J. G. Melon serves a typical pub menu, but I’ve never heard of anyone ordering anything but the burger. If you peer into the half-open kitchen, burgers seem to be the only thing they make: possibly hundreds per hour at busy times, as it appears they have at least a few dozen on the grill at any given time.


I was surprised by how small it was. A super-model on a diet could make peace with it. Mind you, in this era of $20 burgers, they do not overcharge: it’s $10.25. Still, in a city where great burgers are so plentiful, I was surprised it has made so many top-10 lists. By all means, if you’re in the neighborhood and it’s not prime time, stop in and have one. But it’s not the burger of your dreams; it’s just solid and reliable.

Mediocre cottage fries (easily sharable) will set you back another $4.95, and credit cards aren’t accepted.

J. G. Melon (1291 Third Avenue at 74th Street, Upper East Side)

Food: Burgers and not much else
Service: Hurried
Ambiance: A 40-year-old pub that looks 60

Rating: Neighborhood Spot 


The Whole Hog at DBGB

Many restaurants offer whole-animal “feasts”, or what’s called “large format” in the trade. Recently, a group of friends gathered for the Whole Hog at DBGB, Daniel Boulud’s charcuterie and burger-centric restaurant on the Bowery. 

The feast is offered on at least 72 hours’ notice, and costs $495 for “up to 8 guests.” (The advance notice shouldn’t be an issue: rounding up such a large party took weeks.) Anyhow, you get starters of salad and pig’s head terrine, the pig itself, and Baked Alaska for dessert. All the beer you can drink is an extra $200, but we ordered beverages à la carte and spent less than that. The full bill came to $636 before tax and tip.

Although not stated on the website, extra guests are $60 each, and if I did it again, I’d highly recommend bringing at least 10. The eight of us went home full, and there was still a ton of food left over.

Click to read more ...


The Cecil

Harlem’s culinary renaissance draws a lot of ink these days. The Cecil is the latest Exhibit “A”. There’ll be another; always is.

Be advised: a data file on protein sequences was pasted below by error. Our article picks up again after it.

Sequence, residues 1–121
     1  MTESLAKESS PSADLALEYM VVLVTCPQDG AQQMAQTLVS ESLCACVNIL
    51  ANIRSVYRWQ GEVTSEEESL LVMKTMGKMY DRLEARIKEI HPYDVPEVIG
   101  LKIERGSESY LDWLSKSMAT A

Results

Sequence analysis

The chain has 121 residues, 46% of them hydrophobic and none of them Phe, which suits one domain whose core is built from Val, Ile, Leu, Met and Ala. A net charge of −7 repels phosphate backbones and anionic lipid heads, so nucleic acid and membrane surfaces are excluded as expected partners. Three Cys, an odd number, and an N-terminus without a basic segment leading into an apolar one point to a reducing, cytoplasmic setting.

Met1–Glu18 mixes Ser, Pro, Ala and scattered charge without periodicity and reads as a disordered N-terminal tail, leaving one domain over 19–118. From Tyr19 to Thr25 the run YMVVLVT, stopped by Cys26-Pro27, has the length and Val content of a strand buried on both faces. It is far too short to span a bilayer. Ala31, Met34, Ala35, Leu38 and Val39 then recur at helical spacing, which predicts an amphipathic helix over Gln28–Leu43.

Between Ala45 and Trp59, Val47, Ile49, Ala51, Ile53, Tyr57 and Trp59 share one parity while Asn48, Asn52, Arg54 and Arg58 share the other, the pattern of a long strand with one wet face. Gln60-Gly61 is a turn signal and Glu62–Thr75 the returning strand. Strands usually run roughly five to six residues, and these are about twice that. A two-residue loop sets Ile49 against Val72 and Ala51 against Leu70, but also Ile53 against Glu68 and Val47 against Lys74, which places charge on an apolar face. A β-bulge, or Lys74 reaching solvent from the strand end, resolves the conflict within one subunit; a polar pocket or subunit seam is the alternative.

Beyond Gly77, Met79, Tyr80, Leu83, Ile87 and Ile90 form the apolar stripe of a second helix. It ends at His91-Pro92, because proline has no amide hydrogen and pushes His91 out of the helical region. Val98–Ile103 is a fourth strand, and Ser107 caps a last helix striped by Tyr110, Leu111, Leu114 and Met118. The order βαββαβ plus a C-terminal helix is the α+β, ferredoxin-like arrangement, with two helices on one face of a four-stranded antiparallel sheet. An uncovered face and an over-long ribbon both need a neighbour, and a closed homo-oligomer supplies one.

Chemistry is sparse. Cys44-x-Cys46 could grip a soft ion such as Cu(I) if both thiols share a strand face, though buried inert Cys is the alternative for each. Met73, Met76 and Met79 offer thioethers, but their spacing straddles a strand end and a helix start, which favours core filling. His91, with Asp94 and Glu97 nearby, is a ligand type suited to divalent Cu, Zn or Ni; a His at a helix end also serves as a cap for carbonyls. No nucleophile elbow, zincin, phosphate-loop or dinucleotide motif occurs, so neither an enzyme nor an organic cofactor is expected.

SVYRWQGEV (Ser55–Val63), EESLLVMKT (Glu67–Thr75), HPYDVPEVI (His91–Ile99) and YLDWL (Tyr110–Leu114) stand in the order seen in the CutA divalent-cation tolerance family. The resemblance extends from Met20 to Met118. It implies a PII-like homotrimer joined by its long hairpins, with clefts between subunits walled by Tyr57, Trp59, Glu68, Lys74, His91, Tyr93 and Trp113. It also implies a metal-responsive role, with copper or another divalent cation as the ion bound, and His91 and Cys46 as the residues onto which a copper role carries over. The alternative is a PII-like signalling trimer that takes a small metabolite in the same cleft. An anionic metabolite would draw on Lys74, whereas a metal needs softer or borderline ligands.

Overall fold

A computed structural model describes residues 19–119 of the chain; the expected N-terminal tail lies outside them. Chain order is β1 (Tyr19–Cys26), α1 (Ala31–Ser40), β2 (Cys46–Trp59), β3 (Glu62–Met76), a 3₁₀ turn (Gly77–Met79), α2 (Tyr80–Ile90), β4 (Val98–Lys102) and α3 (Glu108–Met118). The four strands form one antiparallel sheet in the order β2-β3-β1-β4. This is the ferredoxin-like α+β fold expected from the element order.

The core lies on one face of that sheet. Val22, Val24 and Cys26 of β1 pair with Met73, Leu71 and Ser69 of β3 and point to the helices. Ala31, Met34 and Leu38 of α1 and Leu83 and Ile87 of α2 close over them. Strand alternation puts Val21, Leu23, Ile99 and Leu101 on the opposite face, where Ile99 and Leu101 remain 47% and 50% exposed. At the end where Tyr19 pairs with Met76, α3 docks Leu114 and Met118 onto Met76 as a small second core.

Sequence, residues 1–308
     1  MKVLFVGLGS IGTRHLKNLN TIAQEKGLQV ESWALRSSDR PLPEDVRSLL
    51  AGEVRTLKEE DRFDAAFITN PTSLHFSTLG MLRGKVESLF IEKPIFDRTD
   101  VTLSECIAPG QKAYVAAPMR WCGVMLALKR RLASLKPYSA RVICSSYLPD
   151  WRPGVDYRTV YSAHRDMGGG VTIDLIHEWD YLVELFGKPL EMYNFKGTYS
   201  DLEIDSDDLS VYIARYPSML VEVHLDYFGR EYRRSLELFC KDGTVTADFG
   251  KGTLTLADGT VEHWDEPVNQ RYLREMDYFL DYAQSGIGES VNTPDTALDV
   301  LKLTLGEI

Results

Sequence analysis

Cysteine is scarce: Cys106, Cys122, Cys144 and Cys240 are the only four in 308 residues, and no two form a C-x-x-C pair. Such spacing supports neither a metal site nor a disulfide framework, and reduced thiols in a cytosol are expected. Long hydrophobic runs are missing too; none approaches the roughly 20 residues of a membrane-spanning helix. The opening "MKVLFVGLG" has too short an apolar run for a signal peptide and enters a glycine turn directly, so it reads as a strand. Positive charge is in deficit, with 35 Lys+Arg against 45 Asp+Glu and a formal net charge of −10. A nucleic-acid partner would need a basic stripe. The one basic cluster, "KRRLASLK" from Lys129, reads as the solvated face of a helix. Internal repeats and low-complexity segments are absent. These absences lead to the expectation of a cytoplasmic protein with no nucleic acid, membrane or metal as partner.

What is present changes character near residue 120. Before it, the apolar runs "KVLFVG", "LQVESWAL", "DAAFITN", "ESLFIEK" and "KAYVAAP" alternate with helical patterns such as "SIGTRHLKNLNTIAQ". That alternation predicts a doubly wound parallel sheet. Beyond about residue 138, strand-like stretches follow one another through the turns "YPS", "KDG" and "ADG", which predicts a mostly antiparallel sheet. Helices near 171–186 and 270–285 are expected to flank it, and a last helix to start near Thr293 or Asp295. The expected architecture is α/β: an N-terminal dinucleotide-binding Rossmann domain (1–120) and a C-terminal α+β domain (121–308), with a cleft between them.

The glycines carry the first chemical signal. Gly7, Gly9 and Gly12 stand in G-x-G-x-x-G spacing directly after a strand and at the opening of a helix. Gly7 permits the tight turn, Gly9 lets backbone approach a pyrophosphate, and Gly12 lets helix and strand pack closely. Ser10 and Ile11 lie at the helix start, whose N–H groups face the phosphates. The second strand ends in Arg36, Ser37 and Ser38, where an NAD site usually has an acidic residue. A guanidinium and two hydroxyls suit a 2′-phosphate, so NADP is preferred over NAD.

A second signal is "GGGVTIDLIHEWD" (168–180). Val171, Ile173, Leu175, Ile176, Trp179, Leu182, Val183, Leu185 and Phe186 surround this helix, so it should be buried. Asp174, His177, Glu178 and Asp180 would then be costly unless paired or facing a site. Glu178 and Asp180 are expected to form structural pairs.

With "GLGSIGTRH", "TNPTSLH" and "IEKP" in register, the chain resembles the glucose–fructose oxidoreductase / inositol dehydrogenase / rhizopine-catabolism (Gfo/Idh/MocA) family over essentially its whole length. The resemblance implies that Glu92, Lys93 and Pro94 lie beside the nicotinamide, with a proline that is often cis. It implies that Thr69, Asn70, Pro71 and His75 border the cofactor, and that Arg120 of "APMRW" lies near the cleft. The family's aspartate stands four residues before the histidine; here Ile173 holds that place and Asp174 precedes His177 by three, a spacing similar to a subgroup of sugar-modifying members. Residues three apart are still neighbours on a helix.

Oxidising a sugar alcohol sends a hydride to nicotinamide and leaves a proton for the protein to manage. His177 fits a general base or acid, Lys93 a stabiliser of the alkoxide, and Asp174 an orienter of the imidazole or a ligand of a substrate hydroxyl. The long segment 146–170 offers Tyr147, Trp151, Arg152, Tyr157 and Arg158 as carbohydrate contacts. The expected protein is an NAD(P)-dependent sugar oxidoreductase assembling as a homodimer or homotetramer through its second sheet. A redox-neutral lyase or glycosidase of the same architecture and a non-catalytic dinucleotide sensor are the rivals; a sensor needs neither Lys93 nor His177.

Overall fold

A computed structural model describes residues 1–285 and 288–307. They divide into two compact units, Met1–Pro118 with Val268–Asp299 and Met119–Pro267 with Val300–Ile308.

If we’re honest, these Harlem spots haven’t yet earned a grade on the Manhattan curve. If you put the Red Rooster in midtown, would it have won Sam Sifton’s paroxysms of joy? I don’t think so.

We loved our New Year’s Eve dinner at Mountain Bird. It was very good, no denying it. But part of the joy was finding a $59 six-course French tasting menu in Harlem. Put it somewhere else, and it wouldn’t seem as remarkable. It wouldn’t be $59 either.

So now we come to The Cecil, named for a hotel that burned down in the 1970s. The upper floors at the current site are now an SRO, so this isn’t the most upscale spot, but you’re at 118th Street, only eight blocks north of Central Park’s upper edge, just east of Columbia, and within walking distance of the Upper West Side’s expanding northern boundary.

Click to read more ...


The Writing Room

It takes chutzpah to open a restaurant in an iconic space. That’s what the owners of The Writing Room have done, taking over two buildings on upper Second Avenue that, for almost fifty years, were known as Elaine’s.

They’ve invested two and a half years and $4 million, and gotten their money’s worth, a lovely modern-casual restaurant that feels immediately comfortable. It reminds me of The Smith. The decibel level is higher than I’d like, but that’s probably deliberate.

The new owners aren’t shy about reminding you what used to be here. The main dining room is festooned with photos of Elaine’s celebrity patrons, of which there were many. A back room, called the Study, is decorated with floor-to-ceiling bookshelves, populated with the literary works of Elaine’s regulars. The re-building job occasioned a lengthy Glenn Collins article, “Reviving Elaine’s Without Elaine.” The place was long past its prime when Elaine Kaufman died in 2010, but no one is going to forget her anytime soon.

The Times’ online archives are full of stories about Elaine’s, but the paper never reviewed it as an actual restaurant. By most accounts, the critics weren’t missing much: the food was generally described as mediocre, at best.

That is one thing the new owners have fixed. It’s not destination cuisine, but for what it is, it’s very good. The concise, upscale pub menu (curiously lacking a burger) is inexpensive for the neighborhood, with starters $11–15, entrees mostly $19–28 (a lobster is $32, a dry-aged strip steak $52), and side dishes $5–6.

The wine list runs to 16 widely-spaced pages, organized by grape, with a short paragraph on the history of each varietal. Just like the food, it’s not a destination list, but much better than you’d expect.

Click to read more ...

Page 1 ... 3 4 5 6 7 ... 150 Next 10 Entries »